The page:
An Iowan who served in George W. Bush’s White House had a role in ensuring an iconic object from Bush’s first year in office is on display at the new Bush Presidential Library in Dallas.
Mary Ann Hanusa of Council Bluffs served as director of personal presidential correspondence. Her office soon became a repository for items that are being used to tell the story of his presidency, including the now-famous bull horn.
“That was used on September 14th when President Bush went to New York City for the first time after the tragedies of September 11th,” Hanusa says. “…I went to my boss at the time and I said, ‘We need to be collecting these things, these very unique things, for his library because if we don’t, they won’t be there.'”
The baseball Bush used when he threw out the first pitch for game three of the 2001 World Series — the first game at Yankee Stadium in New York City — also wound up in Hanusa’s office, as did the FDNY jacket Bush wore that evening.
Hanusa was in Dallas last weekend for the opening of President Bush’s library. Mary Cownie of Des Moines was there, too. Cownie worked on Bush’s campaign, helped organize the inauguration and then served on the White House advance staff. It means she was among those responsible for where and how presidential events were staged.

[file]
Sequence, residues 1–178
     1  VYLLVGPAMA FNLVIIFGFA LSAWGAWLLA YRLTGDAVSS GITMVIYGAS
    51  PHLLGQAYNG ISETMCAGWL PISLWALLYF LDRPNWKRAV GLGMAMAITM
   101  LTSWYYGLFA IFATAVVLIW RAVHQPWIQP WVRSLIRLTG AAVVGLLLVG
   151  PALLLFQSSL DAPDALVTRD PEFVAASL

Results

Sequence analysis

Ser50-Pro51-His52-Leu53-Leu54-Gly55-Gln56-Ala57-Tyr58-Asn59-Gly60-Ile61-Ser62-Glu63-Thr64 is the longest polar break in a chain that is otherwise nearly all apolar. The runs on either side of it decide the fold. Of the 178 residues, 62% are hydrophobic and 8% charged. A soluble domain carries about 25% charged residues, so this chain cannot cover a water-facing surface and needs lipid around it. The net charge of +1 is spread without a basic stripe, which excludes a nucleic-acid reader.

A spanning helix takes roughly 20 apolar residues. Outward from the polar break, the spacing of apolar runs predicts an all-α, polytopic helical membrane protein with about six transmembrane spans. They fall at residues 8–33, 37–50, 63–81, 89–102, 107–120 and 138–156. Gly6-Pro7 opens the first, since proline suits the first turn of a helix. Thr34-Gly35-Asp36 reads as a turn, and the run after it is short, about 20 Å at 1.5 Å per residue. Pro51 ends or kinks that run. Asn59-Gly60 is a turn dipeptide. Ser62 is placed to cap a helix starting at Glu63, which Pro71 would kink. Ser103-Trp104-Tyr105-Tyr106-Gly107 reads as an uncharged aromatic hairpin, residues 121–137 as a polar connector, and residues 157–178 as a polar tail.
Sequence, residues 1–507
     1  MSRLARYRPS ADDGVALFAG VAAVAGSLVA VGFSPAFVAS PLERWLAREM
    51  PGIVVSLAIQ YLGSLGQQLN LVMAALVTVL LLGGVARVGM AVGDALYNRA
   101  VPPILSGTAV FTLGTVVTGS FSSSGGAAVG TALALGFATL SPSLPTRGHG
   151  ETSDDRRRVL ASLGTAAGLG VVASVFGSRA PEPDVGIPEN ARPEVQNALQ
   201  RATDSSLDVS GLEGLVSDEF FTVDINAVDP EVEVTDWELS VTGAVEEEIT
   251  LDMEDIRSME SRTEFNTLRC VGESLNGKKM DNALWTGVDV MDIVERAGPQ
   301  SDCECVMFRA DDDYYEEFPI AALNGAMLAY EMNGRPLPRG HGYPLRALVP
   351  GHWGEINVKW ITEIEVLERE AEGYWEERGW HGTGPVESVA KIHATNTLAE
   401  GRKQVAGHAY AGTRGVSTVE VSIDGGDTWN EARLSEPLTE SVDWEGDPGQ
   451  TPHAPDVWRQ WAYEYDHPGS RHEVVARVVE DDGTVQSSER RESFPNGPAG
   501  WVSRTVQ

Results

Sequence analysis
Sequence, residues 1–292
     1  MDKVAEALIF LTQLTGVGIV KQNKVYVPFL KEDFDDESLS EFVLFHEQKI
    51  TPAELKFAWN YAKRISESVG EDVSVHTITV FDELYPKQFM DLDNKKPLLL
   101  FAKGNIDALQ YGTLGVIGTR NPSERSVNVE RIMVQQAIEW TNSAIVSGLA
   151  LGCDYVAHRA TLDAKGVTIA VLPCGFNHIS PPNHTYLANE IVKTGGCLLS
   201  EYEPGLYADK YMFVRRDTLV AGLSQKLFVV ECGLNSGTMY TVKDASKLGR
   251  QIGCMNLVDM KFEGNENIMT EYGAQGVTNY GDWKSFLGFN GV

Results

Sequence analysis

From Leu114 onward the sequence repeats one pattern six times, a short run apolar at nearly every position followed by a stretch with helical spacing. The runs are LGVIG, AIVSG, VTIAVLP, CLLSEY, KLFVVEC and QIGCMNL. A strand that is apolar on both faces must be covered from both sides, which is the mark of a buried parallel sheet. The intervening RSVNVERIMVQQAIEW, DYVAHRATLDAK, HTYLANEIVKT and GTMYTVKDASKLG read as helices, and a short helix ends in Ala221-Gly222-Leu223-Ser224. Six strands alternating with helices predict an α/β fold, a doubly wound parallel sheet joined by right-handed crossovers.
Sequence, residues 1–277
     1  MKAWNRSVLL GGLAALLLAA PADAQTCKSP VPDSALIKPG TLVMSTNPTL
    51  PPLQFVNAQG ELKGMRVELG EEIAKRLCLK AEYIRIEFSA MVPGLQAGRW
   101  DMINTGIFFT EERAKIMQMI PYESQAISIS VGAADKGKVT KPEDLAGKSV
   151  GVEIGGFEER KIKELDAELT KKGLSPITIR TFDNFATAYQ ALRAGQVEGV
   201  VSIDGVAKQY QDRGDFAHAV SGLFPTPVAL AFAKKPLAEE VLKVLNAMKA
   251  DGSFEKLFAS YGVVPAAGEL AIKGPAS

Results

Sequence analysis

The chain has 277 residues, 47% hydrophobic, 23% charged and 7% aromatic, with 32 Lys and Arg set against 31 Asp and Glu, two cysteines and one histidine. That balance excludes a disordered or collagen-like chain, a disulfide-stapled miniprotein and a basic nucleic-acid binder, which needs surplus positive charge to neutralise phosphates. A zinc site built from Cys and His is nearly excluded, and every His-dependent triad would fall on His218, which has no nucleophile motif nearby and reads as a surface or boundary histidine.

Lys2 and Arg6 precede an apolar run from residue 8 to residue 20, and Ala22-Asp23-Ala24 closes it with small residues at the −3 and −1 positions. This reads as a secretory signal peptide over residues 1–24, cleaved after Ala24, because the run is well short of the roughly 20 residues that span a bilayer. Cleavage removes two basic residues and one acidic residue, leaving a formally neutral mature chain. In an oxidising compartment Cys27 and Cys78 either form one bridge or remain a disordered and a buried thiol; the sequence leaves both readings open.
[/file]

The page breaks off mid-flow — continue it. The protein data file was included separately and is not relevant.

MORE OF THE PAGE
“We actually discussed this when we were down there with other former colleagues that when you look at all the photographs, that’s a big part of what we did in terms of working with the press — not only the press charter, but the local press and the travel pool — in terms of what the shot looked like and so seeing a lot of those photographs brought back a lot of memories from those trips,” Cownie says.
Cownie, who is now director of the Iowa Department of Cultural Affairs, says she senses the general public perception of Bush is changing because of the way he’s conducted himself after he left the Oval Office.
“He stepped out of the limelight and that’s been that’s very purposeful. He doesn’t need to be on the news shows and chiming in, trying to critique or give his opinion about President Obama,” Cownie says. “…I respect that and I think a lot of people do (too) and it I think it says a lot about him as a person.”
Hanusa, who is a member of the Iowa House of Representatives now, says Bush’s popularity is rising because the passage of time provides more perspective.
“Many people could disagree with decisions that President Bush made, but you knew where he stood. He was a man of principle. He stood on his principle. You knew what you saw was what you got and I think, yes, with the passage of time his reputation will be enhanced and I think people will really admire more the decisions that he did make while he was in office,” Hanusa says.
Hanusa and Cownie talked about their experiences in the Bush White House during an appearance on Iowa Public Television’s “Iowa Press” program that airs this evening at 7:30.